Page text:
The year is 1920, and Bostonians from all walks of life- rich and poor, young and old, blue collar and white collar- are being enticed to invest their life savings with a friendly, charismatic Italian-American by the name of Charles Ponzi. Some are well meaning, while others are simply greedy. Little do they know that he is neither a financial wizard nor a boldly innovative thinker, but a grandiose fraudster and clever con artist who has kept under wraps a Canadian prison record for bank fraud- and who now seeks to make his obsessive dream of amassing great wealth come true at the huge expense of thousands of innocent people.
Ponzi's incredible persuasive power to dupe foolish investors quickly extends beyond the city borders, and the overall fiscal health of the entire Commonwealth is soon under close scrutiny by Governor Calvin Coolidge, who entrusts Massachusetts Bank Commissioner Joseph C. Allen to investigate. When Allen seizes five banks and prevents Ponzi from accessing his stolen millions, the swindler's fate hangs in the balance. However, the full brunt of public wrath comes to bear on Allen and his wife, Hart-Lester Harris Allen- and even worse, their happy future together becomes highly questionable when a mob contract is put out on his life.
As told through the eyes of Hart-Lester, Good Night, Dear Hart, Good Night opens with her idealistic, romantic adventures as a wealthy young college graduate; her marriage to Allen and their early trials and tribulations; and how Hart and Joe's paths unfortunately cross with the cunning Ponzi, whose own rise to power and rapid descent unfolds in alternating chapters. The book, written in narrative non-fiction style, is based on the author's interviews with Hart-Lester, other eyewitness accounts and associated correspondence, and newspaper and journal articles from this turbulent time in Boston's history. It offers a fascinating look at a bygone era as well as an examination of Ponzi, the smooth talking criminal and inventor of the first 'get-rich-quick' scheme that to this day continues to be reinvented (Bernard Madoff in 2009).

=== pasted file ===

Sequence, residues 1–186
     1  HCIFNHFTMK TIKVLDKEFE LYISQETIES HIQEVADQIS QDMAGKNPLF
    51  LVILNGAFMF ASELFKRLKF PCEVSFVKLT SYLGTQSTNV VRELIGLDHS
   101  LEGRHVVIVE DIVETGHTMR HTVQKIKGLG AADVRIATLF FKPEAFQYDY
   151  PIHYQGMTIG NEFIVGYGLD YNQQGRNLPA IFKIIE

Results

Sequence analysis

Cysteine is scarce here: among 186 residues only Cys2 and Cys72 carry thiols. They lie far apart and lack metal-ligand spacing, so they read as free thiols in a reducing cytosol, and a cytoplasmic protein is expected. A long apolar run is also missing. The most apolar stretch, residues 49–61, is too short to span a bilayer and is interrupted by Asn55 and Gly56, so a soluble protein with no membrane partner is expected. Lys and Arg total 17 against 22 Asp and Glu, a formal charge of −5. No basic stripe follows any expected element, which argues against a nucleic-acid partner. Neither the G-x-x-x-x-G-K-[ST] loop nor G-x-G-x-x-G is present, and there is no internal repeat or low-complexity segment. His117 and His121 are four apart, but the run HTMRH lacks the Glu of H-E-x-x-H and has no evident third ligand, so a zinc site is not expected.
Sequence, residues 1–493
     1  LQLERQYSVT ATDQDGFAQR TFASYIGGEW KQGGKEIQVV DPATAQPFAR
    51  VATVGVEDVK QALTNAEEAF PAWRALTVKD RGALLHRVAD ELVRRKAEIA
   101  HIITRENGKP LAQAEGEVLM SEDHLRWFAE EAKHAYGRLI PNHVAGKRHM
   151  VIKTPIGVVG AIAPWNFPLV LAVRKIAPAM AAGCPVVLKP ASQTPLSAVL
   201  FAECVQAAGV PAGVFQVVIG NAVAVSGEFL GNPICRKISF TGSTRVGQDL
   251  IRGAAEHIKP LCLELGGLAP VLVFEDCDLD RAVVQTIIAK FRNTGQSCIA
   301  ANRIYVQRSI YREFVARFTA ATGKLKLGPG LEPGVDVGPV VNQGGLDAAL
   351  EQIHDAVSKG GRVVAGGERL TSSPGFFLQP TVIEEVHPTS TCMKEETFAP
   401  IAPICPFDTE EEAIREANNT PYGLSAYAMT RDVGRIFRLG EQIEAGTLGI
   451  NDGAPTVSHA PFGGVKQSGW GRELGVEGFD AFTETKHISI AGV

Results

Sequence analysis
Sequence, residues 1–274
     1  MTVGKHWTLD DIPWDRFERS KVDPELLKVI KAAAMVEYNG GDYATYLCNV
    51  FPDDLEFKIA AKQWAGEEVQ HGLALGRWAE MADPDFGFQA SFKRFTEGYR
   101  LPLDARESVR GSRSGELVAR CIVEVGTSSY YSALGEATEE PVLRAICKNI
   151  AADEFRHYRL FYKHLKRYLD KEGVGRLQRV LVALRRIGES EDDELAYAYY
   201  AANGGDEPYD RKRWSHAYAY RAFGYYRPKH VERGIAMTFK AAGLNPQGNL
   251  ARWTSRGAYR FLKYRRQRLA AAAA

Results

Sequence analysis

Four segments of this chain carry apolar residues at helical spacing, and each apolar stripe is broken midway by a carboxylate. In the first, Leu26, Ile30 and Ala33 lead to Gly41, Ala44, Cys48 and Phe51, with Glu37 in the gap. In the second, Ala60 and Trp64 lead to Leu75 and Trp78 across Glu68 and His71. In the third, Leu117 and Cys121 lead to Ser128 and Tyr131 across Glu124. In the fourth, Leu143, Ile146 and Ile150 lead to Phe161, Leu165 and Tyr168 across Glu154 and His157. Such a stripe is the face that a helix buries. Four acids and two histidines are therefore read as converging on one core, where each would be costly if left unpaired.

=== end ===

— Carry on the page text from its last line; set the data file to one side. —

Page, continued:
About the Author
Jeannie Gionfriddo is an author of short stories and novellas. Previously, she was a columnist for The Polish Star, and later a food columnist for The Holyoke Sun. Jeannie wrote the section on 'Early Indian Life' in historian Wyatt Harper's centennial book The Story of Holyoke, and her article "Murder at the Waldorf-Astoria" appeared in EJAG magazine for Jaguar enthusiasts. Jeannie is also an award-winning chef and has published her own cookbook, Sharing My Best.
Mark Gionfriddo directs the Jazz Performance program at Mount Holyoke College in South Hadley, MA. While he is chiefly known as a multi-talented keyboard performer, composer, arranger, and musical director, Mark also has a keen interest in history and writing. This is his first book.